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Wednesday, June 29, 2011

    Lost in translation
    • Dr. Andrea Hunter, , Nikki Bozinoff and Katie Dorman

Immigrants, refugees can’t get adequate health care if they can’t be understood

Phuong Nguyen, a 36-year-old woman who spoke little English, died on April 21, 1995, after a 23-day saga at a B.C. hospital. Coroner Jack Harding found that Nguyen’s care had been complicated by significant language barriers and inadequate translation.
Nguyen had been unable to communicate her previous diagnosis of lupus to her health care provider. It was only once she was pregnant and suffered complications that her prior diagnosis became apparent. Nguyen’s health care providers explained the serious health sequelae (negative after-effect) of lupus and pregnancy to Nguyen, without the use of a translator. Less than a month later, her child died in utero and she succumbed to complications shortly after.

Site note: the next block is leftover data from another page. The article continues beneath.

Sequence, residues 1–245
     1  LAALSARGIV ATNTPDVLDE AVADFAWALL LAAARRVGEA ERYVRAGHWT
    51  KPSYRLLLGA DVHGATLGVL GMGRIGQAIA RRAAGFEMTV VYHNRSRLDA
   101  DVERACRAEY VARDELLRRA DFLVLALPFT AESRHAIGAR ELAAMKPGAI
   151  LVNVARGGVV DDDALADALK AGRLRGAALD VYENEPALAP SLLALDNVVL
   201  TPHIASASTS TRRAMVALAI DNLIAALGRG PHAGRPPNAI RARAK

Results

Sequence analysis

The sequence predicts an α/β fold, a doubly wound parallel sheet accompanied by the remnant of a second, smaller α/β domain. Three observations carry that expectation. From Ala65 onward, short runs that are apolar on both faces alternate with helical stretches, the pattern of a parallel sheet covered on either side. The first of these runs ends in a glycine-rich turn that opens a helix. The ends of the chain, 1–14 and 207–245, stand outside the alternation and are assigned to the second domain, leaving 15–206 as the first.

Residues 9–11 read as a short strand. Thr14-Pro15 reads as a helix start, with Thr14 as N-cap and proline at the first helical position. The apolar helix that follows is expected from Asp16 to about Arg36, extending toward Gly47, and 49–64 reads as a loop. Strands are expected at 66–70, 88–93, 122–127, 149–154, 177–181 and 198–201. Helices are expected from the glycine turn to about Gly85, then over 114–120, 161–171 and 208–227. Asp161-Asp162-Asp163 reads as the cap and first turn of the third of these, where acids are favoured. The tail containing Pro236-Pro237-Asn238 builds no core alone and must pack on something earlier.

Similarly, on Aug. 20, 1986, 55-year-old Harbhajan Singh Chattu lost his leg and experienced kidney failure due to vascular complications that had been misdiagnosed as back pain. The misdiagnosis occurred because Chattu did not have adequate English language skills to describe his symptoms.
A B.C. Supreme Court Justice found Chattu’s physician negligent in his examination and diagnosis and awarded Chattu a $1.3 million settlement.
Sadly, decades after these incidents, medical translation services remain inadequate across the country, leaving thousands of people with health concerns literally lost in translation.
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